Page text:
2. Pre-Marshall Decisions Relating to Aboriginal and Treaty Rights
On the heels of the 1990 Supreme Court decision in Sparrow17, one legal commentator wrote as follows:
[T]he court’s refusal in Sparrow to address the commercial aspects of an Indian food fishery is significant…The Court not only declined the invitation but…its reasoning in Sparrow and in the important recent treaty rights case of R. v. Horseman makes unlikely the future recognition of a significant commercial component to the Aboriginal food fishery.18
The legal commentator in question was none other than Supreme Court Justice Binnie, author of the majority opinion in Marshall, who it appears has now had a hand in reversing the tide he forecasted almost a decade ago.
Justice Binnie’s nine year old commentary aside, there is no question that Sparrow was in many respects instrumental in forging the course taken by the Supreme Court over the last ten years. With the Marshall decision in mind, it is useful to revisit some of the Court’s most significant decisions relating to aboriginal and treaty rights.19
This was a case dealing with aboriginal rights in which the appellant argued that he was exercising an existing aboriginal right to fish for subsistence and ceremonial purposes. In this decision, the Supreme Court strove to give meaning for the first time to the aboriginal rights guaranteed in s.35(1) of the Constitution Act, 1982.20 Of particular import for future decisions was the articulation (or reiteration) of certain principles to be applied in construing aboriginal rights. The fiduciary duty of the federal Crown to the Indians with respect to land, identified in Guerin v. The Queen21, was adopted by the Court as a general guiding principle for s.35(1).22 The Court also noted the requirement that the decision maker be sensitive to the Aboriginal perspective on the meaning of the rights at stake.23
There was no need for the Court to engage in a detailed analysis of the content of the aboriginal right in issue in Sparrow, since there was little debate over whether an ‘aboriginal right to fish for food and ceremonial purposes’ had existed at some point in time. Instead, the Court concentrated on the questions of (1) extinguishment (in what circumstances will government decision-making result in extinguishment of aboriginal rights), (2) infringement (what kinds of government decision-making results in infringement of aboriginal rights) and (3) justification (when can a government decision-maker justify an infringement of aboriginal rights).
The Court noted that the nature of the constitutional protection afforded by s.35(1) ‘demands that there be a link between the question of justification and the allocation of priorities in the fishery’.24 According to the Court, any allocation of fishing priorities after valid and justified conservation measures have been taken must give top priority to Aboriginal food fishing with sport fishing and commercial fishing bearing the ‘brunt of conservation measures’.25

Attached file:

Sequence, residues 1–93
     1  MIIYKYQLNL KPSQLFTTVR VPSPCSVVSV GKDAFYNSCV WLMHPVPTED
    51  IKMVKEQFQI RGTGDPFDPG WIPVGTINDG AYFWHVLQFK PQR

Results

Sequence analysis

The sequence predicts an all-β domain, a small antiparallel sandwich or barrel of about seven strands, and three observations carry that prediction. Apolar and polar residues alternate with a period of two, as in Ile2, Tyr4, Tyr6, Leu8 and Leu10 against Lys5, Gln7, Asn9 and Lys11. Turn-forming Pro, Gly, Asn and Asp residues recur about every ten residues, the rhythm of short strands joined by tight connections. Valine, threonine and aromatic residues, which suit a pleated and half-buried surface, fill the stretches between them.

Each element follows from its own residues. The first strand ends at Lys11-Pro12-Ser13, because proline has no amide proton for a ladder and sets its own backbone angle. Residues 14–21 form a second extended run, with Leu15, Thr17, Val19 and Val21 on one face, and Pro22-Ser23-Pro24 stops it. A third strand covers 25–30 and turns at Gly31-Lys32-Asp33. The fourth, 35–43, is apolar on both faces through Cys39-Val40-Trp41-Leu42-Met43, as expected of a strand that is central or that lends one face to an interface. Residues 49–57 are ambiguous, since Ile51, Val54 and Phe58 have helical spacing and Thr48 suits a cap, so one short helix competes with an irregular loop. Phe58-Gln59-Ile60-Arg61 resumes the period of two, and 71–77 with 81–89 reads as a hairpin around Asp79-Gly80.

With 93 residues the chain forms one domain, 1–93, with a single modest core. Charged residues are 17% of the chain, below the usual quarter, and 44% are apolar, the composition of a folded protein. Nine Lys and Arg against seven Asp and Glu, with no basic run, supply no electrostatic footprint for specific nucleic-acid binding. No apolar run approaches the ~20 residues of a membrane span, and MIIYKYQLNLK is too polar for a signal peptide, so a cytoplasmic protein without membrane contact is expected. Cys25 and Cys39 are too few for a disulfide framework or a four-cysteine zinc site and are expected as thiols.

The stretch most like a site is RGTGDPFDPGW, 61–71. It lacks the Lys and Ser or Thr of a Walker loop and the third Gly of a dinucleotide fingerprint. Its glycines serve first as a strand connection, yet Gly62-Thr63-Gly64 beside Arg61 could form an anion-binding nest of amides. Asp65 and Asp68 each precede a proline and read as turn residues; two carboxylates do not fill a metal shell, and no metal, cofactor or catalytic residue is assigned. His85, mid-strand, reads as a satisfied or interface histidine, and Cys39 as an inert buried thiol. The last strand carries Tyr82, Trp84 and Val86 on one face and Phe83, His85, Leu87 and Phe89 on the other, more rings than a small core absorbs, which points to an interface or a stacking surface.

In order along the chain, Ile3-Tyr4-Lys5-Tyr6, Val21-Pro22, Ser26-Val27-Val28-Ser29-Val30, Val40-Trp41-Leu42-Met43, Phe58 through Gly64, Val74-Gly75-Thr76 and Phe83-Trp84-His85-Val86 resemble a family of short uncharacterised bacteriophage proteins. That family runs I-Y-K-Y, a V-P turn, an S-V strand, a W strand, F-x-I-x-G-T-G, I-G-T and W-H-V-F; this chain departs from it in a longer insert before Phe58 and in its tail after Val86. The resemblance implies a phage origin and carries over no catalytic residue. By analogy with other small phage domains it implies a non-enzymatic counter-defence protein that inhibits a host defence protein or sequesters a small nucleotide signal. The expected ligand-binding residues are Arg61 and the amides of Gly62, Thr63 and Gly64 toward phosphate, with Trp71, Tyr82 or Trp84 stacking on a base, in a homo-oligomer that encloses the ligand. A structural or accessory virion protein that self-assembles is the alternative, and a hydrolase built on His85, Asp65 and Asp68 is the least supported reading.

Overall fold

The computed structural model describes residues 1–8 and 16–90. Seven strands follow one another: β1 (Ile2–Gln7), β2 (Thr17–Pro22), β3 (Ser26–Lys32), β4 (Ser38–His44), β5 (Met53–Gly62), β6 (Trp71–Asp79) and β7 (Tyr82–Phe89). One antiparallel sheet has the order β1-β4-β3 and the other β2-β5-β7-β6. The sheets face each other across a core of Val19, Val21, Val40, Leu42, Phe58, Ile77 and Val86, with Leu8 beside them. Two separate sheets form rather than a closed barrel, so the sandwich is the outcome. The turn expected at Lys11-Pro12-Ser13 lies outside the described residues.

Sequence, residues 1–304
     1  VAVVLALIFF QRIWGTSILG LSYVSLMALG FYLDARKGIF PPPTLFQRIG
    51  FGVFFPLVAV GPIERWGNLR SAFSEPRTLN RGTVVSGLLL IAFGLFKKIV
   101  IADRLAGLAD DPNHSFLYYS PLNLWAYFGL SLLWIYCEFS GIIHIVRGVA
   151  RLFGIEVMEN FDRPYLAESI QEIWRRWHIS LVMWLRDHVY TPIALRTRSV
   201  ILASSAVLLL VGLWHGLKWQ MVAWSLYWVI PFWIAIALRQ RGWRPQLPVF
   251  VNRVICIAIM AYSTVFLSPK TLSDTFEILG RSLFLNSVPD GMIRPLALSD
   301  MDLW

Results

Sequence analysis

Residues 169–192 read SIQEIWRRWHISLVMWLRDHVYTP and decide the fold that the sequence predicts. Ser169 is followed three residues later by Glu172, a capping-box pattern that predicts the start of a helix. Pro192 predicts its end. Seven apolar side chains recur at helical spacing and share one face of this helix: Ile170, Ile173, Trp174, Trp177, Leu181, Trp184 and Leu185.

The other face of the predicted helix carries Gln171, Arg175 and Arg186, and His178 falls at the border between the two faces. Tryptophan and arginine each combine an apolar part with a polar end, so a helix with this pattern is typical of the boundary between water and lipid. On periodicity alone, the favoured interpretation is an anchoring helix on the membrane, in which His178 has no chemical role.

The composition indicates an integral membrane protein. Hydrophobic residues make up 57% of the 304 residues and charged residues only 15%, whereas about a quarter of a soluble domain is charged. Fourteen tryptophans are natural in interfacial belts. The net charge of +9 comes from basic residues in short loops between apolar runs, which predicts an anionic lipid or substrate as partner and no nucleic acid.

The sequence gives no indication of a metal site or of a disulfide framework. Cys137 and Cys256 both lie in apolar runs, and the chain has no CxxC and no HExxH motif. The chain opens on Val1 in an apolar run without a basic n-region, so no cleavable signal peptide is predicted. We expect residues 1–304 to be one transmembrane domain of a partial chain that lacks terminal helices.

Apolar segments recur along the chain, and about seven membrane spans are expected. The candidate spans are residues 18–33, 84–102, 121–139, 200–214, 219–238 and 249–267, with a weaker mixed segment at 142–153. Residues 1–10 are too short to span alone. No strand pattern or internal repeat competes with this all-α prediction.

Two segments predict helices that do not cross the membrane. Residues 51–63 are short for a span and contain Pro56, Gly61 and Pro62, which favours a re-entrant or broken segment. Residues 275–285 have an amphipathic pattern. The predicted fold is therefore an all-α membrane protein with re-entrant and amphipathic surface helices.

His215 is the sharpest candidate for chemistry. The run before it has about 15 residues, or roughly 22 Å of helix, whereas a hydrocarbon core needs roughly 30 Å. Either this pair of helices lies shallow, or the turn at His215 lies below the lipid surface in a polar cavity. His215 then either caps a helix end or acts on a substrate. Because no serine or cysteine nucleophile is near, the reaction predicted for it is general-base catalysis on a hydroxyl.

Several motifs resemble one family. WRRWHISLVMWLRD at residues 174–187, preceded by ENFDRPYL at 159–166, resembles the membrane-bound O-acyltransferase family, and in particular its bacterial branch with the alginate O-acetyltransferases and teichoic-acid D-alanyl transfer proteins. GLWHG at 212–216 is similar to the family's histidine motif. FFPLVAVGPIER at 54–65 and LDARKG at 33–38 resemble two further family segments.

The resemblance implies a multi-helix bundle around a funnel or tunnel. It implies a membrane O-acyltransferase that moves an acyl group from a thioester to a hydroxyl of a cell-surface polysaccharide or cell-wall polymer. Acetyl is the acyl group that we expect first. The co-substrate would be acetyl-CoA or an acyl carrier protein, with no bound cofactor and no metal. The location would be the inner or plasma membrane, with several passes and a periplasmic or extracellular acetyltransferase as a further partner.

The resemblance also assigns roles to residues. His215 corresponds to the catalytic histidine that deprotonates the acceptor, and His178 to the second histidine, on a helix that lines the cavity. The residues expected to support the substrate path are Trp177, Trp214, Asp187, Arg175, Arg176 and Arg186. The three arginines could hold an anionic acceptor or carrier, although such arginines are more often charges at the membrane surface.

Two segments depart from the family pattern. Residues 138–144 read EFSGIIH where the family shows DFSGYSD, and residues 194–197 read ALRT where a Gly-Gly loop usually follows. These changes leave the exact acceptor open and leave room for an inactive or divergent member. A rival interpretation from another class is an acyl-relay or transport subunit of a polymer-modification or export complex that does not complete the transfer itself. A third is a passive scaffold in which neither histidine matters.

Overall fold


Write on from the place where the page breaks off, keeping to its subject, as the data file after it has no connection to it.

2. Van der Peet
Like Sparrow, the decision in R. v. Van der Peet, addressed the appellant’s claim to an aboriginal right to fish. In this case, the right claimed was to fish on a commercial basis. This 1996 decision set out the test for determining the existence of an aboriginal right. Chief Justice Lamer articulated the test as follows:
In order to be an aboriginal right an activity must be an element of a practice, custom or tradition integral to the distinctive culture of the aboriginal group claiming the right.26
The Court enumerated the factors to be considered by a court when determining whether an aboriginal right has been established. These included the following:
– courts must take into account the aboriginal perspective;
– courts must consider whether the practice, custom or tradition was of central significance to the aboriginal society in question;
– courts must consider whether the practices, customs or traditions have continuity with those practices, customs and traditions that existed prior to contact; and
– courts must consider whether the practices, customs and traditions arose solely as a response to European influences.
In this case, the majority of the Court found that no aboriginal right to a commercial fishery existed for the Sto:lo First Nation. However, in the case of R. v. Gladstone, the Supreme Court accepted evidence to support an aboriginal right of another B.C. First Nation to fish commercially for herring spawn on kelp.27